BUSINESS
February 5, 2000 | ROBIN FIELDS, TIMES STAFF WRITER
Tina Rocca-Lundstrom dips her head toward the candle dubbed Meditation and takes a sniff. The label says it contains patchouli and ylang-ylang, pure essential oils. True enough, but Rocca-Lundstrom, with her trained chemist's nose, also picks up a hint of synthetic perfume. "None of this is real," she said. "None of it." Controversy is intruding into the mellow, lavender-scented world of aromatherapy, the quasi-science of smells that purportedly enhance health, mood and brain function.
MAGAZINE
June 15, 2003 | Nelson Handel, Nelson Handel is a freelance writer based in Los Angeles.
I lie face down on a massage table. Below, accessible to my nose through the table's face hole, is a cloth saturated in aromatic oil. The smell is overwhelming. Acupuncture needles protrude from, among other places, the top of my head. Piano music plays. I'm sweating slightly and have a mild case of the spins. I'm in this generic-looking Westside medical office to relieve the throbbing pain in my lower back.
TRAVEL
September 30, 2001 | KATHLEEN DOHENY
Can a whiff of the right fragrance keep you energized during a tedious drive, rejuvenate you after a long flight, coax sleep when you need it and ease travel-related stress? Advocates of aromatherapy--which uses fragrances derived from essential oils or extracts of flowers, fruits and other natural substances for a desired effect--claim it can, even though scientific research has produced mixed findings.
BUSINESS
February 5, 2000 | ROBIN FIELDS, TIMES STAFF WRITER
Tina Rocca-Lundstrom dips her head toward the candle dubbed Meditation and takes a sniff. The label says it contains patchouli and ylang-ylang, pure essential oils. True enough, but Rocca-Lundstrom, with her trained chemist's nose, also picks up a hint of synthetic perfume. "None of this is real," she said. "None of it." Controversy is intruding into the mellow, lavender-scented world of aromatherapy, the quasi-science of smells that purportedly enhance health, mood and brain function.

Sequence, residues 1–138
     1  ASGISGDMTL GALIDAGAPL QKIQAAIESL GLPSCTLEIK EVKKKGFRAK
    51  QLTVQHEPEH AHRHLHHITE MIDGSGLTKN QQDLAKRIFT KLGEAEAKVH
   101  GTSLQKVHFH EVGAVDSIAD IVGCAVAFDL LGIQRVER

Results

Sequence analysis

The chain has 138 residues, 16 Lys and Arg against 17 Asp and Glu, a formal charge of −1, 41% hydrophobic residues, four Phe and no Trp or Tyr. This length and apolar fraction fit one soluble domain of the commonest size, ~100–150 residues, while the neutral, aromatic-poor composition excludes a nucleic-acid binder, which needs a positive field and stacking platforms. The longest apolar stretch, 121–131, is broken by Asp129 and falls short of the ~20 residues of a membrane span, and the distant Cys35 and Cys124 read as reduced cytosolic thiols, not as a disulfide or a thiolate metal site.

NEWS
June 24, 1998 | LILLIAN REITER
Aromatherapists advise using only natural essential oils, not the synthetic or diluted variety. One way to determine the purity of an oil is to place a drop on a piece of paper. If it leaves a mark after it dries, it is a synthetic oil. Price is also an indication. Pure rose and jasmine oils usually sell for more than $50 per one-quarter ounce. For more information about aromatherapy, here's a sampling of sources: * National Assn.
NEWS
June 24, 1998 | LILLIAN REITER, SPECIAL TO THE TIMES
Although barely detectable by the average nose, fragrance fills the air of most shopping malls. Retailers want consumers to stay a little longer and buy a little more. Some real-estate agents supply home sellers with cinnamon rolls to pop into the oven moments before an open house. Smell sells. And it does more.
HOME & GARDEN
November 11, 1995 | CINDY LaFAVRE YORKS
* Essential oils: Derived exclusively from the leaves, blooms and stems of herbs and flowers, essential oils are the purest form of the very essence of herbs and are not diluted with any other additives. * Poultice: A spread made from dried herbs spread on an affected area to soothe, treat or help disinfect. * Infusions: Herbs steeped like teas, incorporating leaves, stems and flowers. Consumed orally, they are often enhanced with honey or lemon and can be consumed hot or cold.
MAGAZINE
March 25, 1990 | BARBARA FOLEY
THERE ARE SOME scents that make good sense. On busy La Cienega Boulevard in West Hollywood, Linda Kammins aromatherapy salon hardly appears to be the unique haven it is. Tucked away on the second floor of a modern pod mall, it looks like just another storefront, just another beauty salon. But it isn't. "Aromatherapy is an ancient tradition, a ritual in which essential oils are used for healing," Kammins says.
CALIFORNIA | LOCAL
July 9, 1995
Bug off--While insects offer many benefits to our environment, such as providing nourishment for wildlife and pollinating plants, it's no fun battling them on the home front. Chemical repellents may cause allergic reactions, can poison pets or children and often kill entire populations of insects rather than targeting a type. Certain essential oils and herbs have natural insect-repelling properties.
NEWS
April 20, 1995
L ola Clark of San Clemente specializes in Western "herbalism." To create her natural skin-care products, Lola Earthworks, she uses plants that grow abundantly here--eucalyptus, elder, dandelion, yellow dock, fennel and yarrow, "just to name a few, as I look out my window," she says. "I also grow over 100 herbs." She offers seminars on natural cosmetics at Of the Earth, a health-oriented general store in San Juan Capistrano.